Using Parse with AngularJS

This article is part of our Startup Insight series, a weekly digest for early and growth stage entrepreneurs. You're welcome to subscribe here. 

This article is part of our Startup Insight series, a weekly digest for early and growth stage entrepreneurs. You're welcome to subscribe here

With all the variety and flavours of application frameworks and platforms currently in the market, deciding on which one(s) to use when you’re starting a new project can be a challenging task. You must take into consideration your project’s requirements and your team’s expertise, but also the popularity and support each framework has.

For our presentation software Slidebean, we decided to use two of the hottest app frameworks and components out there: AngularJS as our javascript MVC framework, and Parse as our back-end and cloud storage solution. If you haven’t heard about them, I highly encourage you to do so now, as they’re becoming more and more popular every day. By the way, if you haven’t tried out Slidebean, do so now!

There are few kinks here and there when it comes to using Parse with AngularJS. These are few tips I’ve discovered along the way to iron them out. Hope it saves you some time.

1. Define getters and setters for each of your Parse class fields

Parse lets you get and set custom fields in your classes using – you guessed it – the get and set methods. On Slidebean, users create Presentations, which have a title property. So let’s say we have a presentation variable in a controller’s $scope, and we want to display its title. We would do something like this on our html view:

<div>{{ presentation.get("title") }}</div>

AngularJS, however, uses plain javascript object properties to read and update the values. So if we wanted to update the presentation title using an input field, the ng-model directive is not compatible:

<!-- This doesn't make sense, but just for the sake of the example: -->
<input type="text" ng-model="presentation.set('title')">

One approach I read about here, is to forget about using the Parse Javascript SDK and rely on their REST API to handle models. But there’s another much simpler solution, and that is to define javascript getters and setters for each of your Parse classes.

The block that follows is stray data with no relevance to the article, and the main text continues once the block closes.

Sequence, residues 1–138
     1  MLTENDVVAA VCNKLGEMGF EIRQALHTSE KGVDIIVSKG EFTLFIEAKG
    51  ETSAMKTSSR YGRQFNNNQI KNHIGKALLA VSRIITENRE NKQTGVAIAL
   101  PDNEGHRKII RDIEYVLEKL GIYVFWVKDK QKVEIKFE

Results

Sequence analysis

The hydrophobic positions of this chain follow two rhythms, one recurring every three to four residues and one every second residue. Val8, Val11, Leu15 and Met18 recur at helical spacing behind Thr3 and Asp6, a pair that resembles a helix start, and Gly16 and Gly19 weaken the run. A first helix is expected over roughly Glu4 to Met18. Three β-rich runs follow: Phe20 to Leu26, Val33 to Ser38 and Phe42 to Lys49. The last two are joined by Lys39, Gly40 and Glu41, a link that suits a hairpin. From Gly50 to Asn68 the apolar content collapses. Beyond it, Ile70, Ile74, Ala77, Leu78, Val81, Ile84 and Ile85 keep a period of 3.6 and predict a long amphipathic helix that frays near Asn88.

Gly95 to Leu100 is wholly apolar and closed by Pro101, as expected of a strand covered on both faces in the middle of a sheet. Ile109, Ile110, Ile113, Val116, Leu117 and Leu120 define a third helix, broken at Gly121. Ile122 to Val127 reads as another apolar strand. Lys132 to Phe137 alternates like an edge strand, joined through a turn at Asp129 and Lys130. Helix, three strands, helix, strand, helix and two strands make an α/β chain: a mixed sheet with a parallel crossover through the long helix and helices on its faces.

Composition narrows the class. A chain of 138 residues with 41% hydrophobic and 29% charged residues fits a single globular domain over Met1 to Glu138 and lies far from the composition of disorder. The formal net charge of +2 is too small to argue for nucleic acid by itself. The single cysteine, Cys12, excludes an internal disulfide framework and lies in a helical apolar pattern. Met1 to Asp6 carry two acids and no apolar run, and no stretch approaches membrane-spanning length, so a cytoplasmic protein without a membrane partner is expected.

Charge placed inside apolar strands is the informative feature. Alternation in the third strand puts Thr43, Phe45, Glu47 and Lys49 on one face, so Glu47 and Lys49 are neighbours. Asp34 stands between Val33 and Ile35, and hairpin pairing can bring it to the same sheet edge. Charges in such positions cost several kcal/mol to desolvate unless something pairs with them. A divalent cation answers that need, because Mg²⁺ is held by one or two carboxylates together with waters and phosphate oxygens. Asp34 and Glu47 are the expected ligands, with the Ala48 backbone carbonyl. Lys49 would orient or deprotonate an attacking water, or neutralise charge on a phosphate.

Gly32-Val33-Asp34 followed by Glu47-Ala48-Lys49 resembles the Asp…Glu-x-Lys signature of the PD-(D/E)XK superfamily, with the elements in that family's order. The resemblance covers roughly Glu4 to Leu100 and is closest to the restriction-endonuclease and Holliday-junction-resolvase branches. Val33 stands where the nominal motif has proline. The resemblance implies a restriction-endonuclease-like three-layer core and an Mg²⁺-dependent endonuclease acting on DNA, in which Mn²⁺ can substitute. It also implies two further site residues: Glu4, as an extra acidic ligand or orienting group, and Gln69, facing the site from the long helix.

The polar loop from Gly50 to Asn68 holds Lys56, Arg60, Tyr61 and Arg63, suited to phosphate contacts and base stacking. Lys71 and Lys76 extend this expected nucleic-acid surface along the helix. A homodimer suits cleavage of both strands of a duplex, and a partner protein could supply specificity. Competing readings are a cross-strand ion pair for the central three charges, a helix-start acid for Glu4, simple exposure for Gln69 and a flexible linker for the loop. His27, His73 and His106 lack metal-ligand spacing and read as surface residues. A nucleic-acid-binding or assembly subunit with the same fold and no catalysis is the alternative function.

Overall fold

So using AngularJS, we use factory to define a model class called Presentation. The trick is that, inside, we also define a getter and setter per property. In this example, we only have one called title:

angular.module('SlidebeanModels').
factory('Presentation', function() {

var Presentation = Parse.Object.extend("Presentation", {
// Instance methods
}, {
// Class methods
}
});

// Title property
Presentation.prototype.__defineGetter__("title", function() {
return this.get("title");
});
Presentation.prototype.__defineSetter__("title", function(aValue) {
return this.set("title", aValue);
});

return Presentation;
});

Now, we have a model class that works seamlessly with ng-bind. And so, to update the presentation title, we just do this:

<input type="text" ng-bind="presentation.title">

2. Store your current Parse user in the $rootScope

I’ve read that you should almost never set variables in your AngularJS app$rootScope. Parse provides the very convenient Parse.User.current() method, which returns the current active session user. Thing is, changes made to this user variable happen outside of the AngularJS world, and therefore are hard to keep track of and be digested by Angular.